healthy michigan

Politics & Culture
4:31 pm
Thu May 22, 2014

Stateside for Thursday, May 22, 2014

  First on Stateside, we take a look at the "Grand Bargain" in Detroit. The state has taken a big step closer to putting money down to help Detroit. 

JPMorgan Chase is investing $100 million in Detroit's future, but what does that mean for the city, and what are JPMorgan's motives?

Only 28% of you said that Michigan is the best possible state to live in, according to a Gallup Poll. So Michigan kicked off the Why I Stay project, to find out exactly why you are still in Michigan. Michigan Radio's Mark Brush joined us.

Then, a meteor shower is headed our way Friday night, so it's time to dust off those binoculars and look to the sky. 

Michigan's expansion on Medicaid – Healthy Michigan – is on track for enrollee sign-up. 

Last, we learn about a fish that has a notoriously bad reputation: the Asian carp.

*Listen to the full episode above. 

Stateside
4:28 pm
Thu May 22, 2014

Healthy Michigan plan is on track for enrollee sign-up

Credit Lindsey Smith / Michigan Radio

The federal health care exchange for private insurance under the Affordable Care Act closed on March 31. 

The very next day, the attention turned to Healthy Michigan, the state's expanded Medicaid system for some 477,000 low-income Michiganders.

It looks like the state's Healthy Michigan plan is on track for enrollee sign-up.

Don Hazaert is the director of Michigan Consumers for health care, which helps people sign up for the coverage.

*Listen to the full interview above. 

Health
4:29 pm
Tue April 8, 2014

"Healthy Michigan" enrolls tens of thousands in first week

"Healthy Michigan" will cover nearly everyone, under the age of 65, with an income up to 133% of the federal poverty limit. That translates to individuals making about $16,000 and families of four making less than $33,000.
Credit Steve Carmody / Michigan Radio

Michigan’s expanded Medicaid program is off to a fast start.  

Tens of thousands of people have signed up for the medical coverage in the first week since the enrollment opened.

The Healthy Michigan program has received nearly 55,000 applications since April first; 32,000 Michiganders have already had their applications approved. Tens of thousands more have been moved into the expanded Medicaid program from a different state health assistance program.

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Politics & Culture
4:14 pm
Tue April 1, 2014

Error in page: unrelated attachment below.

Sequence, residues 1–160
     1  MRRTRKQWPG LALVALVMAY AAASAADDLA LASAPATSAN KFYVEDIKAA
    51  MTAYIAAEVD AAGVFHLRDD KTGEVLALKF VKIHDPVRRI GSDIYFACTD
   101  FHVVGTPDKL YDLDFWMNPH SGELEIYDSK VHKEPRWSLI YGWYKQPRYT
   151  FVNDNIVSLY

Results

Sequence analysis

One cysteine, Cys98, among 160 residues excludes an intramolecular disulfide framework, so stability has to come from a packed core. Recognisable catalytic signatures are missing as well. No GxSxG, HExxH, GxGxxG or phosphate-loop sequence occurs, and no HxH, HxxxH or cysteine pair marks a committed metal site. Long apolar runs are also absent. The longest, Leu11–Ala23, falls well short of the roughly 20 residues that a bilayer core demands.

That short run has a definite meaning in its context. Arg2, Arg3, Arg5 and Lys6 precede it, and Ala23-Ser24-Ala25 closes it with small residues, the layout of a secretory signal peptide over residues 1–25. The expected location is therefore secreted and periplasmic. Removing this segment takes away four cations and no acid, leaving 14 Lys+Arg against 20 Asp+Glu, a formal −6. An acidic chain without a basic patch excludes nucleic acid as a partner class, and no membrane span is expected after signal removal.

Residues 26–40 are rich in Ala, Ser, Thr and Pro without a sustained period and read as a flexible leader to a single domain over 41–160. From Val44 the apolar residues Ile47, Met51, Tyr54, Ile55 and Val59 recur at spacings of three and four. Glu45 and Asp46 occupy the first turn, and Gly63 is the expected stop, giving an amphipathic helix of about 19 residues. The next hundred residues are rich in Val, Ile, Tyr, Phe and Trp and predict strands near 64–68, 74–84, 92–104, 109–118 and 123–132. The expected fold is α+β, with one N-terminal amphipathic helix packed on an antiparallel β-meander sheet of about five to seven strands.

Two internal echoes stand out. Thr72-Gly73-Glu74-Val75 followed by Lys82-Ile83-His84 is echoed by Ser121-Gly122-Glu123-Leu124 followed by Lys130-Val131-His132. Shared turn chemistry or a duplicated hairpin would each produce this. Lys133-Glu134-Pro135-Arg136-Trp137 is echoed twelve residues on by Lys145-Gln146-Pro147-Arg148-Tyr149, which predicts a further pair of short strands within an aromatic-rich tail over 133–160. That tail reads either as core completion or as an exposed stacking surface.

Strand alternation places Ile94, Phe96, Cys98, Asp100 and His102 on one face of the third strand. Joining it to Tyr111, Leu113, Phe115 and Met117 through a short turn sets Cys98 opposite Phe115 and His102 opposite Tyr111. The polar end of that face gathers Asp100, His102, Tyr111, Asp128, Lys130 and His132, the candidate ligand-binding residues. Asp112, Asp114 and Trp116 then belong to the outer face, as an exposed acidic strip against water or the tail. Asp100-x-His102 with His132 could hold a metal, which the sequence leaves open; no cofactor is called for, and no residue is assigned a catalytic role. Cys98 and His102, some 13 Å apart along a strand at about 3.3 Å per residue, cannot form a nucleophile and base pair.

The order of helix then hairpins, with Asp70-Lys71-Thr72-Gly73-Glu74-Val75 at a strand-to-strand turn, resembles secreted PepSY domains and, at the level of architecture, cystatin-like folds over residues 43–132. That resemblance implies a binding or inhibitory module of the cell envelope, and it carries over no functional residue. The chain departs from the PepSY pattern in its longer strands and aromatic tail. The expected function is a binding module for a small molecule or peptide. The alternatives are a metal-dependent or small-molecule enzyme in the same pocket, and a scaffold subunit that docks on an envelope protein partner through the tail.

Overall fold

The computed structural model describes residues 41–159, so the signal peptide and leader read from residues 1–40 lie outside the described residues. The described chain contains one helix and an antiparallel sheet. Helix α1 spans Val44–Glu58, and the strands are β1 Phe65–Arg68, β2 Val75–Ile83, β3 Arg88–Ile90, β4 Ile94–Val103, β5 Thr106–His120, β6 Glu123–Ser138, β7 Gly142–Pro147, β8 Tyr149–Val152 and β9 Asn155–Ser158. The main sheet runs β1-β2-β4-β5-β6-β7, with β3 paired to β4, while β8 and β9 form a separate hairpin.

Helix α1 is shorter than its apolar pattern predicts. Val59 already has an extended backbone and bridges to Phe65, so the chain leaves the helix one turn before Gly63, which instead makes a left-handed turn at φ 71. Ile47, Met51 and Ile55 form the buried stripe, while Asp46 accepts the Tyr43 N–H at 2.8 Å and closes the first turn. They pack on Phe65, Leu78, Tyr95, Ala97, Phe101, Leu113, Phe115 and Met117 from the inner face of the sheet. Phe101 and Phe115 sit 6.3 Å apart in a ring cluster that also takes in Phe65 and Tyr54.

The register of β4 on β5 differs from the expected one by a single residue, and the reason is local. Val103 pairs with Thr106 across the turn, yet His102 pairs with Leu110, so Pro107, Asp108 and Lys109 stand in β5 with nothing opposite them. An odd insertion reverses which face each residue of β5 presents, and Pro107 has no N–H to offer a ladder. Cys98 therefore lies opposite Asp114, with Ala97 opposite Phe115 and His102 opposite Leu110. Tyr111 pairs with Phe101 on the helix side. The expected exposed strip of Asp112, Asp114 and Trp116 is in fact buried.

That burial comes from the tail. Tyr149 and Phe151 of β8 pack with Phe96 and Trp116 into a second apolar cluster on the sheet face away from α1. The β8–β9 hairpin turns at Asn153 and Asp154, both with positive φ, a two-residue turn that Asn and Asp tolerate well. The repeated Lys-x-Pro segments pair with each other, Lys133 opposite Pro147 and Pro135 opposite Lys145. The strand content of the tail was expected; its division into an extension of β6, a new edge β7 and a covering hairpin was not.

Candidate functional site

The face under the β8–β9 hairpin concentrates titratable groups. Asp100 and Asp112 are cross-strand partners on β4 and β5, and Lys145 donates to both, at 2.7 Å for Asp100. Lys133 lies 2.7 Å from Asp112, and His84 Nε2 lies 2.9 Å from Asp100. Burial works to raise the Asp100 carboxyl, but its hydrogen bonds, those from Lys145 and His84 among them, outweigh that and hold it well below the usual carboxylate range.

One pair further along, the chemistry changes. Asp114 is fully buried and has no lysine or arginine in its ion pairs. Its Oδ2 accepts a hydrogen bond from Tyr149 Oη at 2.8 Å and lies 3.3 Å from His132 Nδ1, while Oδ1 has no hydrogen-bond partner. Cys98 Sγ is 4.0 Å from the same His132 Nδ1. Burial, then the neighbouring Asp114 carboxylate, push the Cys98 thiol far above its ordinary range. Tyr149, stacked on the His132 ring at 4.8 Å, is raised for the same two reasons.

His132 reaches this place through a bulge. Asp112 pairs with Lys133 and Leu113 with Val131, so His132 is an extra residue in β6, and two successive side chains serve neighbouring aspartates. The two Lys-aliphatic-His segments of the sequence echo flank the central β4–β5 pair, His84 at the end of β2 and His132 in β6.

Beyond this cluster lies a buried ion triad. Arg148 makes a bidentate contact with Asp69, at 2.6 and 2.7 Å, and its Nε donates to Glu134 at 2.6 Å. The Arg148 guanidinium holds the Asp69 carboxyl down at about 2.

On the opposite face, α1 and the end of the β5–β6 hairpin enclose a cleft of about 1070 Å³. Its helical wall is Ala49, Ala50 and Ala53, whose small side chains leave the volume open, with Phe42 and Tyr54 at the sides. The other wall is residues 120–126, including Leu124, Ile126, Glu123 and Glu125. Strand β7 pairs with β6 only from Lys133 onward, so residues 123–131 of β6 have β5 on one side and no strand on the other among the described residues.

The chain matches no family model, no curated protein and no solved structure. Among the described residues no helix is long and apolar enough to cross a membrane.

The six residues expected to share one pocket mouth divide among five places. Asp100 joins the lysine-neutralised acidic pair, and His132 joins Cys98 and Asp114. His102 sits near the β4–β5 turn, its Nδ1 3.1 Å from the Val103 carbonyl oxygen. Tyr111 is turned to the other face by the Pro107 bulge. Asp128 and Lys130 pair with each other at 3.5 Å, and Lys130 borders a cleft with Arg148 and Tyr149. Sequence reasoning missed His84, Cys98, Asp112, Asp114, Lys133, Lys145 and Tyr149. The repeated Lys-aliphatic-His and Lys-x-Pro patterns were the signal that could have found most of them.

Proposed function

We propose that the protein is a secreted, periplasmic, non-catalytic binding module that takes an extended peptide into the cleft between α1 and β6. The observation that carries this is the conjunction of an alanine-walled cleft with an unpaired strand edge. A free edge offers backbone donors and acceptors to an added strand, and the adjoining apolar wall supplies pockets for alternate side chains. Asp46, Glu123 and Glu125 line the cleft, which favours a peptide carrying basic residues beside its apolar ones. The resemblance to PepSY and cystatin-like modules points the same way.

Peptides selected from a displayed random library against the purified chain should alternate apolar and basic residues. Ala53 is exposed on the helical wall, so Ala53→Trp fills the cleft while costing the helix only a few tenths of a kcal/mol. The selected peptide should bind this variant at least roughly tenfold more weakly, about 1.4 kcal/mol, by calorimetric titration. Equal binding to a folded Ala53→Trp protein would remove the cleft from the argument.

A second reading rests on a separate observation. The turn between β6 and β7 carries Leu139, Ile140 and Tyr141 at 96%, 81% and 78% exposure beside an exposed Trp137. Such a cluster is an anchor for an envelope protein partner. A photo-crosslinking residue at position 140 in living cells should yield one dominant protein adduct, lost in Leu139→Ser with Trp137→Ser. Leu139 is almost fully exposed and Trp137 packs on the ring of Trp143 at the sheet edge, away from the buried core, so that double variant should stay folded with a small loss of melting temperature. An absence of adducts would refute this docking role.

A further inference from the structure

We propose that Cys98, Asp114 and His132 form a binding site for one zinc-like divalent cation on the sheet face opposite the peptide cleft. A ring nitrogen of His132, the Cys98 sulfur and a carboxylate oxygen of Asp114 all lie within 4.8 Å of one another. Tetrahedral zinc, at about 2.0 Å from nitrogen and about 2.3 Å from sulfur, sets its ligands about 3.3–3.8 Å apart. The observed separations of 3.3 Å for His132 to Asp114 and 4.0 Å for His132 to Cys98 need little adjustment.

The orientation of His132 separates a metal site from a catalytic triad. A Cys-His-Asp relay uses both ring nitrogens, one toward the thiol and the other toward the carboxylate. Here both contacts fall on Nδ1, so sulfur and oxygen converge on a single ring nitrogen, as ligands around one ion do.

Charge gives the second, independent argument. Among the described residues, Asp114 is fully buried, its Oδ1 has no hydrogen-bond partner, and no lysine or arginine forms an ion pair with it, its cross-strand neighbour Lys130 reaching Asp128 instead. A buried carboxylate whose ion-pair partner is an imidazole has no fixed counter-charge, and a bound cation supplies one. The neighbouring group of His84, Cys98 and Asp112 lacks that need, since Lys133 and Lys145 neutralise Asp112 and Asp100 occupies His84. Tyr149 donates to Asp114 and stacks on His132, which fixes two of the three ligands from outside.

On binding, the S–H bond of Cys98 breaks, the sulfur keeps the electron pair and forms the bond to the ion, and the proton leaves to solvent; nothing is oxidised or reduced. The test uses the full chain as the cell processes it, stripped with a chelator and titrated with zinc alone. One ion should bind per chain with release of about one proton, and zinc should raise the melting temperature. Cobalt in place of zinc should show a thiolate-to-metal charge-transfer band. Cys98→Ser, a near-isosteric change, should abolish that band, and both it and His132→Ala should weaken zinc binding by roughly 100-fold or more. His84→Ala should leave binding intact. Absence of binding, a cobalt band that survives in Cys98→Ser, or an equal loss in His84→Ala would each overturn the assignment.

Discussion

Stateside for Tuesday, April 1, 2014

Today is the day. After months and months of debate, Healthy Michigan is here. That's the official name for the state's newly expanded Medicaid program. Today, on Stateside: Who is eligible for the new coverage and why are other states looking to Michigan for lessons learned?

Then, it made news: the merger between financially struggling Albion High School and its neighbor, Marshall. Now, more than halfway through the school year, we checked in on how the students are faring.

And, a new report is breaking new ground in the study of inequality among our children, and the findings for Michigan children are troubling.

First on the show, another hugely surprising retirement from Congress. Republican Congressman Dave Camp, who represents Michigan's 4th district, announced that he will not run again for re-election. Camp has served in Congress for 24 years and has been chair of the powerful House Ways and Means Committee.

Zoe Clark and Rick Pluta, co-hosts of Michigan Radio's It's Just Politics, joined us today to talk about what’s next for Camp and what this means for Michigan in Congress.

Health
6:16 am
Mon March 3, 2014

Medicaid expansion rolls out in one month in Michigan

"Healthy Michigan" would cover nearly everyone, under the age of 65, with an income up to 133% of the federal poverty limit.
Steve Carmody Michigan Radio

In one month, more than 300,000 people are expected to begin signing up for expanded Medicaid coverage in Michigan. The Medicaid expansion is part of the federal Affordable Care Act.

"Healthy Michigan" would cover nearly everyone, under the age of 65, with an income up to 133% of the federal poverty limit. That translates to individuals making about $15,000 and families of four making less than $32,000.

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